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Some of the superstar pairings on "Duets" find Ol' Blue Eyes matched up with wholly appropriate vocal partners; others amount to what is referred to in movie parlance as "stunt casting," more marquee value than chemistry.
So, as you might expect, it's a mixed bag of tricks. Here's the deal: As long as he's recutting his classic songs live in the studio with exactly the kind of orchestra that backed the originals, and the late, great Nelson Riddle is still accruing a good portion of the arrangement credits, Sinatra can do duets with Barney and we'll buy it.
His pairing with Bono is nearly as strange--though much more welcome--an idea. Most of the partners on "Duets" are the contemporary giants of easy-listening, but the inclusion of U2's mercurial lead singer as the sole rocker of choice is the album's one real risk, and certainly its most curiosity-raising track: What music fan would be blase enough not to salivate at the thought of the greatest pop singer of the '40s (and beyond) having a historic summit meeting with the greatest pop singer of the '90s?
The actual recording, of Cole Porter's "I've Got You Under My Skin," is about as weird as you might fear or hope. Sinatra's approach is straightforward, while Bono's is sort of a stylistic tour de force: He starts off in his sexiest, breathiest, most subdued low purr, trading off lines in the verses with Sinatra, and then, as they croon together on the chorus, breaks into the voice he's lately most fond of, his "fat lady" falsetto, continuing to scat along in \o7 faux\f7 soprano even in the instrumental break.
"Skin" ends up sounding like one of those satellite hookups U2 experimented with on its last tour: \o7 Come in, Hoboken! This is Berlin (via the moon)!\f7 It's an unnerving mismatch on first listen, even if you were exposed to Bono's previous loose take on Porter with "Night and Day"--but the cut grows on you, once you accept the saloon-vs.-cabaret collision, and the fact that, in the album's penultimate moment, Bono is the first partner gutsy (or foolish) enough to take such a major interpretive detour.
The album's other most eagerly anticipated pairing is Barbra Streisand's. A match made in heaven, or clash of the titans? Happily, it's closer to the former: Their "I've Got a Crush on You" transcends its blockbuster billing and stands as, in fact, probably the most congruously successful of all the album's star sing-alongs.
Essaying the Gershwins' classic come-on, the most youthful-sounding of all romantic sentiments, Sinatra's vocal is surprisingly tender--vulnerable, even--wooing his "sweetie-pie." And Streisand works gentle wonders around it, echoing and extrapolating on his phrasing, while never overpowering her stately suitor.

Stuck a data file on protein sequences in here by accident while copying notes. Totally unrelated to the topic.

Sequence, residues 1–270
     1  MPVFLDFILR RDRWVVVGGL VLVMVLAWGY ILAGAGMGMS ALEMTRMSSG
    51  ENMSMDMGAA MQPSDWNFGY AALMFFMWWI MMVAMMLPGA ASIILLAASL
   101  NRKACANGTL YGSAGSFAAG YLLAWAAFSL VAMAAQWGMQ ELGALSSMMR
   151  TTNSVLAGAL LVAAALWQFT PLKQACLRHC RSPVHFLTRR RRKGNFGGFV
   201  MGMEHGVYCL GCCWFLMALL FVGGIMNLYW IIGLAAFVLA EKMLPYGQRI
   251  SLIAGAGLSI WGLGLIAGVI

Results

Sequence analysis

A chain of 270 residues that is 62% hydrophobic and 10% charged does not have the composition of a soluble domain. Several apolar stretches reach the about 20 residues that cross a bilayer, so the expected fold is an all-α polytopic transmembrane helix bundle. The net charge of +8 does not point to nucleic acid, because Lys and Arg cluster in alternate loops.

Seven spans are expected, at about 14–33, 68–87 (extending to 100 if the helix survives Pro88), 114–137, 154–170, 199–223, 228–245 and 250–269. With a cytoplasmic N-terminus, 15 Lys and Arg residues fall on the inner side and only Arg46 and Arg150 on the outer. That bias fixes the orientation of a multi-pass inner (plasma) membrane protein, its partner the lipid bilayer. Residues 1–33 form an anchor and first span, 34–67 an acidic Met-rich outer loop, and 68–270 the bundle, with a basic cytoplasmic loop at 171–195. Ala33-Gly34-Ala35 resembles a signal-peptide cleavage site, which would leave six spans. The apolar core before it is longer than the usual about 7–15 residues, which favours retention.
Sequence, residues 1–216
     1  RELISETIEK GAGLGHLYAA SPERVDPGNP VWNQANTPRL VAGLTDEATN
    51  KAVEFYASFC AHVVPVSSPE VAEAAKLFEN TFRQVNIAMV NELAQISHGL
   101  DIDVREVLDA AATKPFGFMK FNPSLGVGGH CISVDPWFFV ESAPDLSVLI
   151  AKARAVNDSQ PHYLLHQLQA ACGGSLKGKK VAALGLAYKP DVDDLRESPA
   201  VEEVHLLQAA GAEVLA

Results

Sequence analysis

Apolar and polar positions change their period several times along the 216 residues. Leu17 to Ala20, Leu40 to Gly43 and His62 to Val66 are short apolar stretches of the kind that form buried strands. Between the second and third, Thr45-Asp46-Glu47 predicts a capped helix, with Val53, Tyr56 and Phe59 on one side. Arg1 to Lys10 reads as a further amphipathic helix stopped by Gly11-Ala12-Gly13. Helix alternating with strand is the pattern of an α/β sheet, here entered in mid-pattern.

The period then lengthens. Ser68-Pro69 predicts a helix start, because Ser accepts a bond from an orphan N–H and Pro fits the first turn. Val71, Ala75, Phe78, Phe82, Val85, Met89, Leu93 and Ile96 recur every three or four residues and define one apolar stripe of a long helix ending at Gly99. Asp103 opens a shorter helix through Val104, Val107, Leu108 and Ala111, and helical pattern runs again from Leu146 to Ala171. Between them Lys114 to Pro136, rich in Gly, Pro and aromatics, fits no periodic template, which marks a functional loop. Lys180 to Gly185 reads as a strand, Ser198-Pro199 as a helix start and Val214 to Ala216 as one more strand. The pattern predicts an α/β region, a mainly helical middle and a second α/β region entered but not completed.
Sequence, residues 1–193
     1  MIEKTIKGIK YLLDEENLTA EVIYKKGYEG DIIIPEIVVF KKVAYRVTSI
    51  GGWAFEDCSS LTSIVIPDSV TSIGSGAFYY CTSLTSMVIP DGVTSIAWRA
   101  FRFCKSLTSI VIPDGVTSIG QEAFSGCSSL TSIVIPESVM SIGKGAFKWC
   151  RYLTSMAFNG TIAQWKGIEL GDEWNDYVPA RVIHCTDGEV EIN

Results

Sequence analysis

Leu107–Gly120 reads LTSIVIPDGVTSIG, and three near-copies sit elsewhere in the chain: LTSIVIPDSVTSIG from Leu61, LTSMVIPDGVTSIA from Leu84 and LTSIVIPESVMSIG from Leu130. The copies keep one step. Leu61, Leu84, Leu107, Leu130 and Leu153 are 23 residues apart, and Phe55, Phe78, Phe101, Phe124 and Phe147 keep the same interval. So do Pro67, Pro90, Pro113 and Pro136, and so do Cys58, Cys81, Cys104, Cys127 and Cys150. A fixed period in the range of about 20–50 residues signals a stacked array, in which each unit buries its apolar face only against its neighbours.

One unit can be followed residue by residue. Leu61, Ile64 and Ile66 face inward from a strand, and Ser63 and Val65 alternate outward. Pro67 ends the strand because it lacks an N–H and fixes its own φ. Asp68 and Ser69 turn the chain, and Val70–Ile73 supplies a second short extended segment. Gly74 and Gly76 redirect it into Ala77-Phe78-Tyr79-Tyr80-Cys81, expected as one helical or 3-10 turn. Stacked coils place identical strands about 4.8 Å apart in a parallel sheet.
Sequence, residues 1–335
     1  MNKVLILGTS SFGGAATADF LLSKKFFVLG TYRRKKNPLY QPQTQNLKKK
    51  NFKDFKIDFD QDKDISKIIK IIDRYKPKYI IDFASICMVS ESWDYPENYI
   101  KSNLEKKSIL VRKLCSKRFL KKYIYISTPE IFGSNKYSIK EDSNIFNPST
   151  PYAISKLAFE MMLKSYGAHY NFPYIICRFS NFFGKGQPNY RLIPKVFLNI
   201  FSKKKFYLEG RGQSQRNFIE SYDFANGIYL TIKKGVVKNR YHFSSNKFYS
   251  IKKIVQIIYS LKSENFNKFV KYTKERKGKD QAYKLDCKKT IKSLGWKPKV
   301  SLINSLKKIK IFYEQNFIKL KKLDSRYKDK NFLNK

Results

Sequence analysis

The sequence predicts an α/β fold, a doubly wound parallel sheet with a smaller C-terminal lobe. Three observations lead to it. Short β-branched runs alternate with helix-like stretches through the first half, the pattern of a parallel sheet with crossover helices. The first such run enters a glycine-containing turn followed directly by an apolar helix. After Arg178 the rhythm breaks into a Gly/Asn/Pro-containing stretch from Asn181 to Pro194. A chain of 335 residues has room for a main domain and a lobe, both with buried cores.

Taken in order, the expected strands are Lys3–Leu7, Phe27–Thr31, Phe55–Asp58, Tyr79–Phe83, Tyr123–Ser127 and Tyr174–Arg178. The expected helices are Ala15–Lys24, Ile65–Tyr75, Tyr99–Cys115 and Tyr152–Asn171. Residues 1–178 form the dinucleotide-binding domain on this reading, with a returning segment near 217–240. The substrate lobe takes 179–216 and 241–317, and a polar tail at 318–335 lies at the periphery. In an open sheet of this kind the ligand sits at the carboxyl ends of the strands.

Streisand's professionalism has never been in doubt, but it's all the more evident in the way she so expertly complements Sinatra's vocal here. Not all the numbers are quite so graceful in their overdubbing.
While Sinatra recorded all his vocals live--usually in one take--with the orchestra, the other singers (also including Carly Simon, Liza Minnelli, Charles Aznavour, Anita Baker and sax man Kenny G) added their parts later. Sometimes, as with Streisand, it doesn't matter, but in a few moments it's all too obvious the partners weren't in the same room.
This is immediately evident in the opening track, "The Lady Is a Tramp," which has Luther Vandross double-tracking his own vocals in one spot. "Tramp" actually fares as one of the album's most charmingly arranged selections--and Vandross sounds terrific waxing jazzy along with a walking bass line--but subliminally, at least, the effect is strange: With Vandross singing along with himself, does this count as a trio?
The weakest tune, "What Now My Love," suffers the most from this wall of vocal separation, with Sinatra turning in uncharacteristically stiff phrasing while Aretha Franklin, no stiff she, shoots off around him in all the showy directions you might imagine from the Queen of Soul. If they had recorded their parts together, they might not have landed on such different airfields.
Among the others, Gloria Estefan and Julio Iglesias might help boost the album internationally, but just aren't up to Sinatra's caliber. Tony Bennett is, but their buddy-movie take on "New York, New York" is more a fun idea than a successful match.
Generally Sinatra meshes most comfortably with the female balladeers--with Natalie Cole, on the gently swinging "They Can't Take That Away From Me" coming in a close second to Streisand as the best thrush on his dance card here.
Regardless of how well the duets themselves fare--and none of them are embarrassments--the album is consistently thrilling in its sharply rendered charts (conducted by arranger-director Pat Williams), which surely deserved this digital dusting off. Here's hoping for the promised "Duets II," whose lineup is rumored to involve everyone from Bette Midler to Axl Rose.
\o7 New albums are rated on a scale of one star (poor) to four (excellent).\f7
* SECOND TIME AROUND: A Frank-ophile compares the "Duets" with Sinatra's originals. Page 65